At the beginning of the year I was talking to a business contact about why his networking seemed to have stopped being so effective. He thought it was because people felt they couldn’t spend money because we are living in uncertain times or, he said, it might be because he was not meeting people face-to-face. So we started to talk in more depth because, he said, things were really not going well and they had been going very well.
The first question I asked was, had anything changed with his marketing? Well, of course, we were no longer allowed to meet face-to-face, but I know many people who had flourished despite having to use virtual meetings. So, not being able to meet face-to-face couldn’t be the problem, or at least not all of the problem. I also know many companies who have managed to maintain, and even grow, their business throughout the difficult times we have been living through. So, there is money out there that people want, or need, to spend.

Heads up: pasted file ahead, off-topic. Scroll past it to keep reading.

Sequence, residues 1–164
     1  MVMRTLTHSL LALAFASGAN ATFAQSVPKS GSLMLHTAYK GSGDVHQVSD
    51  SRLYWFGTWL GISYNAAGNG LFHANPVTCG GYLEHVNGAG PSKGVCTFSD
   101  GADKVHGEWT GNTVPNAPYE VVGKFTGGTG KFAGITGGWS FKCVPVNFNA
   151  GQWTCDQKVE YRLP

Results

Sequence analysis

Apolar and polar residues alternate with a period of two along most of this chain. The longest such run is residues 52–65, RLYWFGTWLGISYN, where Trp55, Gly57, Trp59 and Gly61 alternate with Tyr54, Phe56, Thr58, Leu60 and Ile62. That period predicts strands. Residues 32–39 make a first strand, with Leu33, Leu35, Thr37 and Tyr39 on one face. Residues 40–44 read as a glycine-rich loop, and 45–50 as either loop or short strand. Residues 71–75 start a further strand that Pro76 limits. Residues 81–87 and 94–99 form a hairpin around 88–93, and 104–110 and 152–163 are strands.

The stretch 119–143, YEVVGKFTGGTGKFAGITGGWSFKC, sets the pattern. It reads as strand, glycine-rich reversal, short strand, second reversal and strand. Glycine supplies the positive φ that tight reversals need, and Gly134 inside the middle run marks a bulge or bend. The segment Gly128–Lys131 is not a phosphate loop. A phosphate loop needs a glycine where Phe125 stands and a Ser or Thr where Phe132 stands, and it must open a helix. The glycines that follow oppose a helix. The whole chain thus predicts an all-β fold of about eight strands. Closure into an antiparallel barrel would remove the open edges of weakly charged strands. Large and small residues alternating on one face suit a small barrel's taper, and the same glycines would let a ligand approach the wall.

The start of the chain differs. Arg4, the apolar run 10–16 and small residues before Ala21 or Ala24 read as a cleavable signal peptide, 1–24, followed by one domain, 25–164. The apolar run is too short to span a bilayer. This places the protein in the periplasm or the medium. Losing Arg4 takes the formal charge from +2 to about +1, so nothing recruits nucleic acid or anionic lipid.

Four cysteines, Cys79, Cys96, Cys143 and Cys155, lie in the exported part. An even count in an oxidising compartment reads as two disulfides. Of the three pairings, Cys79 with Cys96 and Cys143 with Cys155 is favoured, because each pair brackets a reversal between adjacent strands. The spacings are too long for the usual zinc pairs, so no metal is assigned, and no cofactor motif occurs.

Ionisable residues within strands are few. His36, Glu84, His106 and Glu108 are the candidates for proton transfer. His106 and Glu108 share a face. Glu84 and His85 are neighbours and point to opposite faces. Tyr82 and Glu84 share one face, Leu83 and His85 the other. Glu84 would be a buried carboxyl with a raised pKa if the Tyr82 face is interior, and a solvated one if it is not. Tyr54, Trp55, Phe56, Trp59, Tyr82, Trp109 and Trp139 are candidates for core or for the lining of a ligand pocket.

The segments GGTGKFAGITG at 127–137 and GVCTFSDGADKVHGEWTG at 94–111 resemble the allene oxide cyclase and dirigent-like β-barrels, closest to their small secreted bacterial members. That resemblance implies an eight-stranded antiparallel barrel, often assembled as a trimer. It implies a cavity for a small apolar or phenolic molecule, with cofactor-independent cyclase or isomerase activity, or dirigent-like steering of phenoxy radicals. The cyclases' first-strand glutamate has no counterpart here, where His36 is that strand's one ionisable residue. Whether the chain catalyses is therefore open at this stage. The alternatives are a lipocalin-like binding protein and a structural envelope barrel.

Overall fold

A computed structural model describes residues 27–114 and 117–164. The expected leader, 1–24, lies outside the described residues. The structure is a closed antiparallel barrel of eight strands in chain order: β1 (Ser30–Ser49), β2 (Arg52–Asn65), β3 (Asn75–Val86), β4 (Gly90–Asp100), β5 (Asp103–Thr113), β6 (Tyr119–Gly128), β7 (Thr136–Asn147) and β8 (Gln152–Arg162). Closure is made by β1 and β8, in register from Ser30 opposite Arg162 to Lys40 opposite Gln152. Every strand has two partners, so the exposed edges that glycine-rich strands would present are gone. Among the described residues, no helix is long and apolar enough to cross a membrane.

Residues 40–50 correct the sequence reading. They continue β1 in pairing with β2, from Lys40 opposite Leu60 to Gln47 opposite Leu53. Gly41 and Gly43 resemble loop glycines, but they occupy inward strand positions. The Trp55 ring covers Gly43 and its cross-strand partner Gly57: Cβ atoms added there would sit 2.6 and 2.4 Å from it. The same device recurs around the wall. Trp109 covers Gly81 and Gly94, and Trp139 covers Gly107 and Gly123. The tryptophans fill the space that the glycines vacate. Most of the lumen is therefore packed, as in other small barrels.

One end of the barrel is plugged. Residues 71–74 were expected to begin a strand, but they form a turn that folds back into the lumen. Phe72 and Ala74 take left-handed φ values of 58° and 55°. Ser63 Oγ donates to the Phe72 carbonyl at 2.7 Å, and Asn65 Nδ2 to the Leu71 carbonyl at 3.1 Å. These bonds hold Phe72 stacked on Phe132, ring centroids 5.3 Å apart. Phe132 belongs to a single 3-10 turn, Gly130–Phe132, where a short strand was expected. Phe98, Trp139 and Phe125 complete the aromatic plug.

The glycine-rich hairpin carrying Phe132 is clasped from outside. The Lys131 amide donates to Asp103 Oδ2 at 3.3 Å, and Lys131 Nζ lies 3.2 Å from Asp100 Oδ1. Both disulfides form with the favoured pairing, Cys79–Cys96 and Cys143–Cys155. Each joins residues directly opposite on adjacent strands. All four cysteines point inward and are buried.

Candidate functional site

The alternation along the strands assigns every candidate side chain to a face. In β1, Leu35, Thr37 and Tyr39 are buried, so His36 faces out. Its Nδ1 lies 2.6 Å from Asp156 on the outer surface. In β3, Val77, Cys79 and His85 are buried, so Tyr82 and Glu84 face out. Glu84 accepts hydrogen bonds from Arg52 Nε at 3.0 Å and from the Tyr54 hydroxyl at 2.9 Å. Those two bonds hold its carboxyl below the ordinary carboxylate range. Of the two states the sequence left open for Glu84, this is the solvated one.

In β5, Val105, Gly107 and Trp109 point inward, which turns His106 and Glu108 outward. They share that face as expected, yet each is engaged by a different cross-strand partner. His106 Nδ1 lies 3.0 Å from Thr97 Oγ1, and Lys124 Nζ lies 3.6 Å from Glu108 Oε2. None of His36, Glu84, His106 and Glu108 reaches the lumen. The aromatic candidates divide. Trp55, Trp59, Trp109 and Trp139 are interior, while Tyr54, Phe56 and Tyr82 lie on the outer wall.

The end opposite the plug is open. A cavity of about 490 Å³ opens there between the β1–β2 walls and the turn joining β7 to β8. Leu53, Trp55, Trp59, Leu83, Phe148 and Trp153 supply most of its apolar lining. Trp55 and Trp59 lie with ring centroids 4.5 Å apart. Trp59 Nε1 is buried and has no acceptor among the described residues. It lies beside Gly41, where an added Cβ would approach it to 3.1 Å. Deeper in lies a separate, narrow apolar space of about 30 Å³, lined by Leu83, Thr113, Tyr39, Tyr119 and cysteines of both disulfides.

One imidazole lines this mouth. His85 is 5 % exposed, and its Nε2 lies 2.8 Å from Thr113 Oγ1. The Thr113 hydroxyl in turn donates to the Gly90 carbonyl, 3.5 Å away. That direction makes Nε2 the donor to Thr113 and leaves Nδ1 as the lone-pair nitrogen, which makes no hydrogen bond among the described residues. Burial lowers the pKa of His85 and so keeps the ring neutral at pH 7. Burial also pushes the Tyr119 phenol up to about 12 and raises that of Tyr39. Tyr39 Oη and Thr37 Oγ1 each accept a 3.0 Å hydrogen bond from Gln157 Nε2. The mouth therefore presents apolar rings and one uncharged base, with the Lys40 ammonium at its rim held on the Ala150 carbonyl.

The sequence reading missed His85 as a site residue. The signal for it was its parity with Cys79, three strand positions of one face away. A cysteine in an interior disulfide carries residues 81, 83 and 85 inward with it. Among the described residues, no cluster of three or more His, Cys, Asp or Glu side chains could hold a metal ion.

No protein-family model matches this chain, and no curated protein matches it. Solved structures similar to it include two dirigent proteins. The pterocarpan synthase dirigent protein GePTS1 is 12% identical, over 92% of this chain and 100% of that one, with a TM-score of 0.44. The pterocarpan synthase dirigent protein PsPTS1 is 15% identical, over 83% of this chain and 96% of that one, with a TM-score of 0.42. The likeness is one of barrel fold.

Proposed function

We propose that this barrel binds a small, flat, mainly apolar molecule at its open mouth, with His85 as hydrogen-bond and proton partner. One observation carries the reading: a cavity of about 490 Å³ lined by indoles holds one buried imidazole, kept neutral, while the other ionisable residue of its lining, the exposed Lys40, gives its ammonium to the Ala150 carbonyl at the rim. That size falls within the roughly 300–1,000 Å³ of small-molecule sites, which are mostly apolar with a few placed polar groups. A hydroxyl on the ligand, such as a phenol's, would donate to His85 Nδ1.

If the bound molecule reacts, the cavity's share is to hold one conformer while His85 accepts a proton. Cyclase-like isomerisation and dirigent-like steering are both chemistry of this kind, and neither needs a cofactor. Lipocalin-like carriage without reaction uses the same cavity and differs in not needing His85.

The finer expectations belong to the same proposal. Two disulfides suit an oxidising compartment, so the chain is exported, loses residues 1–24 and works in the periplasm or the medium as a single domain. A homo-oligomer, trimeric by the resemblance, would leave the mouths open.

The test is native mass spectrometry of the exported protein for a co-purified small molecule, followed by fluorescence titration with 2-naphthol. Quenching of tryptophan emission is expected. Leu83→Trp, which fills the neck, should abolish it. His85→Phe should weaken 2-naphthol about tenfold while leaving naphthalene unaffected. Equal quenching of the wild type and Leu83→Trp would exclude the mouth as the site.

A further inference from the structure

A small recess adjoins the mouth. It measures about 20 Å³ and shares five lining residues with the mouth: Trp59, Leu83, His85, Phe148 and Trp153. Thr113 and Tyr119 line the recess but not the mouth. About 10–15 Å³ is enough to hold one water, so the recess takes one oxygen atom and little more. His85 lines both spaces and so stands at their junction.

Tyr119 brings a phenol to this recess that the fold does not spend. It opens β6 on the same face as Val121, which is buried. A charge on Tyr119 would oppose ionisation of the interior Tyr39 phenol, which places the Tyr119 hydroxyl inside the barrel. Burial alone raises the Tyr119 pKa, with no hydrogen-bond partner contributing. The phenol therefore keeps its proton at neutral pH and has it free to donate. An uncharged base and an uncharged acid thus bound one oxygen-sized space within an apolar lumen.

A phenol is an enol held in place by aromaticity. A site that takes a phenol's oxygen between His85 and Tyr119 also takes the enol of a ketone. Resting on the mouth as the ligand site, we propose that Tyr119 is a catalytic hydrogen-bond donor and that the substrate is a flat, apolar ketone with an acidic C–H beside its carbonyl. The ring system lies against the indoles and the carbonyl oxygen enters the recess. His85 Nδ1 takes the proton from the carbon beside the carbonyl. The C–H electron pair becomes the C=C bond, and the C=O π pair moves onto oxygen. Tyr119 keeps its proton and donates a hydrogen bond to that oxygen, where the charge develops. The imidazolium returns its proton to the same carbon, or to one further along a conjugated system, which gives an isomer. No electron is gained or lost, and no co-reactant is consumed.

Then he said “I really don’t like networking at virtual meetings”. (I’ve paraphrased a long monologue that he needed to get off his chest about what he really didn’t like about virtual meetings). Some of the things he mentioned are covered in my blog “Would you do that if we were meeting face to face?”